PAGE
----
The literature on South Asian kingship has typically explored the idioms in which kingship—a king’s assertion of his right to rule—was articulated, while assuming ready consent to such assertions of royal authority among a king’s subjects, vassals, peers, and overlords. This paper re-examines the nature and limits of South Asian kingship by investigating the modes in which Man Singh Kachhwaha, a prominent regional chief in the Mughal Empire, claimed royal status. I examine how target audiences—consisting of literati, peers, rivals, and the Mughal overlord—may have received an ambitious chief’s claims to kingly status in the late sixteenth and early seventeenth centuries. This essay reinterprets the abundant evidence from Man Singh’s reign to reveal the character of kingship in South Asia as much more circumscribed and contingent than has often been assumed, and as continually open to challenge and contestation.
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BahuraGopalnarayanPrāstavik paricay (introduction)Māncaritavali: Āmer ke suprasiddh raja mānsiṃh ke carit se sambaṃdhit paṃc rājasthāni racnāoṃ kā saṃkalan1990JaipurMaharaja Sawai Man Singh II Museum938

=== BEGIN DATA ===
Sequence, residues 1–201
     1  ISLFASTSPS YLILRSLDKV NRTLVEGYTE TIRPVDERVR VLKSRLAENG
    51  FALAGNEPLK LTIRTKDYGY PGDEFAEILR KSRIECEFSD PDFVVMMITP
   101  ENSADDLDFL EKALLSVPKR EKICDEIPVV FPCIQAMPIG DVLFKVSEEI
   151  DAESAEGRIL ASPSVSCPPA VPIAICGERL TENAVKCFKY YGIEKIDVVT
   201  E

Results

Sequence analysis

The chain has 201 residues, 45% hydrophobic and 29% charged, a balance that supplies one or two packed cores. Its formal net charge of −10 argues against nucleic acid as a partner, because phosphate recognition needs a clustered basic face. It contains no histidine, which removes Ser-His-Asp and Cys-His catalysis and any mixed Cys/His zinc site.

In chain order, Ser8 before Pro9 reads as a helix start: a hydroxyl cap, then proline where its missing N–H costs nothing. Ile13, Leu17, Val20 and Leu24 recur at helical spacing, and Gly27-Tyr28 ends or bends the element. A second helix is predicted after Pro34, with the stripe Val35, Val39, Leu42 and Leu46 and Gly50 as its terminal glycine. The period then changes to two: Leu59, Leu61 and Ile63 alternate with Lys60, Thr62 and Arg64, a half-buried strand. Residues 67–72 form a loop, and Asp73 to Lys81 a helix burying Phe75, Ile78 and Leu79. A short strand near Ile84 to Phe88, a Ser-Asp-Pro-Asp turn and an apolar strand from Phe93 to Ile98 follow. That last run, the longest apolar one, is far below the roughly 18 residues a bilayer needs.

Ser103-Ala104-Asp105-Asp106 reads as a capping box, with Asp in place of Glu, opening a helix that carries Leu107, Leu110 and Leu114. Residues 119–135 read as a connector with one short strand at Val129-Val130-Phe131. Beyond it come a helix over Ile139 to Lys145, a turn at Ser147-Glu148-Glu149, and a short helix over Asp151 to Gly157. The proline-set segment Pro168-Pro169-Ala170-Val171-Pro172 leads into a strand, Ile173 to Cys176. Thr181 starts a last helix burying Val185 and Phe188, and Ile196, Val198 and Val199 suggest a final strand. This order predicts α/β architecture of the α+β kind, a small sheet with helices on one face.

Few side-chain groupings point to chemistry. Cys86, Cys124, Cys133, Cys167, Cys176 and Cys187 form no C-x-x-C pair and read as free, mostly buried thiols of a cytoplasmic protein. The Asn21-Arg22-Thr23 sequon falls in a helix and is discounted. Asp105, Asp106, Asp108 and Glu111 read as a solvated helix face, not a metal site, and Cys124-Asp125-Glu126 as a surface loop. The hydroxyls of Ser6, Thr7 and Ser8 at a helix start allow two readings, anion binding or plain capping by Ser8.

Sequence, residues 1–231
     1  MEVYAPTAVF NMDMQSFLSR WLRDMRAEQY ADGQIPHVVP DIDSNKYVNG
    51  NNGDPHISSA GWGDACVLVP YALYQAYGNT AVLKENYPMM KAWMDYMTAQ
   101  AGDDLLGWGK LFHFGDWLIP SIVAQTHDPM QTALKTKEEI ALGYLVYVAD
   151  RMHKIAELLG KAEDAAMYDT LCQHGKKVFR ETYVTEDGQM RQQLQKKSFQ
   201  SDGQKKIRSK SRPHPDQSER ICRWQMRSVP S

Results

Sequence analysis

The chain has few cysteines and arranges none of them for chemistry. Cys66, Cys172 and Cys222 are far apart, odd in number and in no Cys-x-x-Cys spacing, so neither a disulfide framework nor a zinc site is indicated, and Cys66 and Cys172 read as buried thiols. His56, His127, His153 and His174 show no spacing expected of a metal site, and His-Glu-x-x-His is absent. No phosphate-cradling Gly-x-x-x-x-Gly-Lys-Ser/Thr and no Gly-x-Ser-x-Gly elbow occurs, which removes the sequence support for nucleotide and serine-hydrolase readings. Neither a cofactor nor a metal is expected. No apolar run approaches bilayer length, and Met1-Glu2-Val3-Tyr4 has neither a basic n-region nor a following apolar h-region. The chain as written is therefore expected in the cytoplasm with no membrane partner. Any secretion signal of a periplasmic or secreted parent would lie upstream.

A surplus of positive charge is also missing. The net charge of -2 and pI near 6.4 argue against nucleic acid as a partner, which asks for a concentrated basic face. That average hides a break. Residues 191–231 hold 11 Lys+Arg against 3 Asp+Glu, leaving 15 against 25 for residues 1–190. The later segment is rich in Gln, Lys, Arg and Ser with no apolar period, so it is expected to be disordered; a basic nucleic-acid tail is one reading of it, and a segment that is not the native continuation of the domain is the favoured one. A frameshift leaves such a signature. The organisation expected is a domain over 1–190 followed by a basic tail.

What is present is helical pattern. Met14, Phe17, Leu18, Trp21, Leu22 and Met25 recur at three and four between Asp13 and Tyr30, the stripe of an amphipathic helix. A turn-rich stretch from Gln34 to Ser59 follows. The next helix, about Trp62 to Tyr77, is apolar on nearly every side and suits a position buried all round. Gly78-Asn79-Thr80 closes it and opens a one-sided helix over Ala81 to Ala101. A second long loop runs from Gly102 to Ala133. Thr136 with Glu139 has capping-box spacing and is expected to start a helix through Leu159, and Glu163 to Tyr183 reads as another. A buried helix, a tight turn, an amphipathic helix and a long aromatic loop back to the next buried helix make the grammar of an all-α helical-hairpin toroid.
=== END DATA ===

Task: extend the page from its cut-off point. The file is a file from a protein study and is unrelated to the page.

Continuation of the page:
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SheikhSamiraOrsiniFrancescaSheikhSamiraLanguages of Public Piety: Bilingual inscriptions from Sultanate Gujarat, c. 1390-1538After Timur Came: Culture and Circulation in Fifteenth-Century North IndiaForthcoming 2014New DelhiOxford University Press
SreenivasanRamyaOrsiniFrancescaSheikhSamiraWarrior-Tales at Hinterland Courts in North India, c. 1370-1550After Timur Came: Culture and Circulation in Fifteenth-century North IndiaForthcoming 2014New DelhiOxford University Press
For a review and critique see Kulke1978rpt. 2001. For a critique of Geertz’s analysis of the Balinese state in the nineteenth century see Howe 1991. I am grateful to Phillip Friedrich for this citation.
Ranachoda Bhatta1973. For brief recent comments on this praśasti and its legitimating function see Joffee 2006: 11-23 and Talbot 2007: 16-20.